Sunday, September 29, 2013

My first visitor in Korea

Last week I got my first visitor during my time in South Korea.  The one and only Jordon Holmes came out during some time off from work and stayed for a week.  Now this is no easy task, just a quick 14-hour flight.  Luckily there is now a direct flight from Dallas to Seoul, which makes the travel that much easier.

We had a great time while he was here.  But as we usually do in these situations, I spent months looking forward to his visit only to feel like it went by really quickly.  I was very fortunate that his trip coincided with a major holiday here in Korea, Chuseok.  So I only had to work one full day while he was here.  I was able to meet him at the airport when he came in, and within the train ride from Incheon to Bucheon he got to have his first cool experience.  An elderly Korean man sitting next to him grabbed his leg, and in near-perfect English said, "Welcome to Korea."  The people here really are about as kind as I've ever met.  And they genuinely care that we enjoy their country.

I did my best to show him around Seoul and my city, Bucheon.  We visited Gyeongbokgung, a Korean palace, and a traditional Korean neighborhood called Insadong on the first full day.  Actually, on my very first day in Korea back in February, I did the exact same thing (see more here).  It was a cool thing for me to see him enjoying it all and definitely brought back a lot of memories for me.

The next day was Chuseok so we were limited in our adventures due to most places being closed.  So we got together with Dawn, Tamara,  Jamie, Micah, Michelle and Ross to eat together and spend some quality time.  We found a western-style bar that was open that night as well.

On Friday we spent most of the day resting before we went to Jamsil Stadium to catch a game between the Doosan Bears and LG Twins.  The coolest thing about this game was that Jamsil is the home stadium for both teams so the crowd was huge and very divided. That plus it being the home stretch of the regular season and both teams fighting to save their playoff spots equals huge and loud crowds.  They sold about 5,000 standing room only seats to the game, so even the aisles were crowded with 2 people sitting on just about every step.  We got lucky and got one of the last good spots in the very back of the stadium.  Two floor mats, snacks and some beers were enough for us.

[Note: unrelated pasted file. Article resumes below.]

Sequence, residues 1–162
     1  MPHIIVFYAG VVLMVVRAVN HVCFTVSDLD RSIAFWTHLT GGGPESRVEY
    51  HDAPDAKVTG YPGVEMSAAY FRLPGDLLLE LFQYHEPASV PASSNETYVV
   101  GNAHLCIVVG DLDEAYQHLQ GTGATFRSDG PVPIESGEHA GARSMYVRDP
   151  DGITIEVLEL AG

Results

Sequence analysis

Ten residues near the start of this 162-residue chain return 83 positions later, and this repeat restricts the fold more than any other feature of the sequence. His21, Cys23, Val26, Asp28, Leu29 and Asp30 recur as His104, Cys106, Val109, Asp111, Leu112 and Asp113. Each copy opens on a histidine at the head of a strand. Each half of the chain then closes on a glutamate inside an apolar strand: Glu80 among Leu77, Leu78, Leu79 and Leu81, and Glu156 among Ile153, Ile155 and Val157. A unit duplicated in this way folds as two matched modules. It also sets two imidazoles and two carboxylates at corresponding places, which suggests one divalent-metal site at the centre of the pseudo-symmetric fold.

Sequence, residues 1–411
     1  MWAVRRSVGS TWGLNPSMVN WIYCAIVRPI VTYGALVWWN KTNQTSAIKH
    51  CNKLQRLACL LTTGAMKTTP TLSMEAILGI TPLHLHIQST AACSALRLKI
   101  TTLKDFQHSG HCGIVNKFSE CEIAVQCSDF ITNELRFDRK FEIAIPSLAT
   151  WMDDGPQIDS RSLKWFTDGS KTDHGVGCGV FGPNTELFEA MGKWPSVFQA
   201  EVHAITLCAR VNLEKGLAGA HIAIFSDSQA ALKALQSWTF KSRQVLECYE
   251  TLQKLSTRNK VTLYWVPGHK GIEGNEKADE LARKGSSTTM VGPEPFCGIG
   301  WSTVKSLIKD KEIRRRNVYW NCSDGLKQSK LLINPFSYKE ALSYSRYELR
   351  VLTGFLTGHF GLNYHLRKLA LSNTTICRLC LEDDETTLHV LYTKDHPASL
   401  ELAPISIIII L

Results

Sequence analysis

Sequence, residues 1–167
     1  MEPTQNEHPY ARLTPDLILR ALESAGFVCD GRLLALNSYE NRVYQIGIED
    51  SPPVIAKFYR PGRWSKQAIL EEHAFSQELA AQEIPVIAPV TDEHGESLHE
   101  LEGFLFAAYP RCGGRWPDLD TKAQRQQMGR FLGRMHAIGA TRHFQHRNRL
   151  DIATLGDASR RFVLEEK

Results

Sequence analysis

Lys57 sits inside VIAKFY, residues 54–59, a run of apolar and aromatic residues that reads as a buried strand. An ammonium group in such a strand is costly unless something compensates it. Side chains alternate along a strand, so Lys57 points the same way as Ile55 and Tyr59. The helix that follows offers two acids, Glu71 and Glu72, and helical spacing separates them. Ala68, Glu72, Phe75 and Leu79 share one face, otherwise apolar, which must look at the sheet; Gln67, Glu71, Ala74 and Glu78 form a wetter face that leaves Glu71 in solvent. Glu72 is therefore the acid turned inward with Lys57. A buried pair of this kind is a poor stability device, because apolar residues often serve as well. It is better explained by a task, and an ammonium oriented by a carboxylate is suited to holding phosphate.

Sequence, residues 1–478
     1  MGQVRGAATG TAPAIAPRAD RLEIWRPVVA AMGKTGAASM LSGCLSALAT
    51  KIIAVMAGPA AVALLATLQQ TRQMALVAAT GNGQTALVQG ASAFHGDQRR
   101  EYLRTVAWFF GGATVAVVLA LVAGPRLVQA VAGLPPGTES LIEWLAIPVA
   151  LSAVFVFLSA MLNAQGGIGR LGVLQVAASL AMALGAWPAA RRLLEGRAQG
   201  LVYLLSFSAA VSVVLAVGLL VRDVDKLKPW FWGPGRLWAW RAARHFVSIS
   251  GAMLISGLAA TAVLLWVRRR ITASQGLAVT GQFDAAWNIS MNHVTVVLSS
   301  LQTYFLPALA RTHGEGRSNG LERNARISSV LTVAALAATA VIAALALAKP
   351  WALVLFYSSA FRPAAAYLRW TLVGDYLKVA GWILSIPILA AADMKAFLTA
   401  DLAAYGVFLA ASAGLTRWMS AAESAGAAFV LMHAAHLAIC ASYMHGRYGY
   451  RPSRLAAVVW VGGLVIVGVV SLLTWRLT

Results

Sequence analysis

The crowd was loud

And there were a lot of people

On the weekend we played screen golf and disc golf.  Yes, we found a disc golf course in Korea.  Now it only had 3 baskets up and there was no set holes, but that didn't stop us. We made up our own course and played for a few hours.  I hadn't thrown a disc in over 7 months, and Jordon has really just started playing in the last 7 months, so it was our first time ever to play together.  Screen golf is huge, no let me correct that, HUGE in Korea. There's one in my building, one in the building next to me, one in the building a block down, and you get the idea.  

Look at that form!

"I'll bet you a hundred bucks you slice it into the woods." -Al Czervik

The view from the first 'tee box'

Pretty decent baskets

On Monday I had to work the entire day so Jordon used that time to visit one of my classes, get some souvenir shopping done and rest before his trek back to Dallas on Tuesday.  Overall it was a great time.  We ate an insane amount of Korean food, all of which Jordon appeared to like (He's already found and gone to a traditional Korean restaurant in Dallas).  It made me want to have everyone from the States come over to visit.  So seriously, ever wanted to visit Asia?  Mi casa su casa.   

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